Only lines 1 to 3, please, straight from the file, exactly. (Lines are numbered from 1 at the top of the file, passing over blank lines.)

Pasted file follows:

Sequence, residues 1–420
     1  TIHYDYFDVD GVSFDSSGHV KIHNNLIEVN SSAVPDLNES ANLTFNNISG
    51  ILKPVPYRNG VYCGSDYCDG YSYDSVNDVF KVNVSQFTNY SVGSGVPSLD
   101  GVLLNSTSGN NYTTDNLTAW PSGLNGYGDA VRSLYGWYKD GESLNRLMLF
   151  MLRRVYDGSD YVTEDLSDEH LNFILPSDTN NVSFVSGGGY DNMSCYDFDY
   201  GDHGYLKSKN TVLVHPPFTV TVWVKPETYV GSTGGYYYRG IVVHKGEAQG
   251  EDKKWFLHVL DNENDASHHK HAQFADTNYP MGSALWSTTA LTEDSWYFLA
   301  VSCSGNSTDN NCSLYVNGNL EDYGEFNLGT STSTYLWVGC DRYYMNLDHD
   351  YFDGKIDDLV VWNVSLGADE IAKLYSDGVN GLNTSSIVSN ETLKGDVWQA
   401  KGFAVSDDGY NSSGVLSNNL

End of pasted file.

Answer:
Sequence, residues 1–420
     1  TIHYDYFDVD GVSFDSSGHV KIHNNLIEVN SSAVPDLNES ANLTFNNISG
    51  ILKPVPYRNG VYCGSDYCDG YSYDSVNDVF KVNVSQFTNY SVGSGVPSLD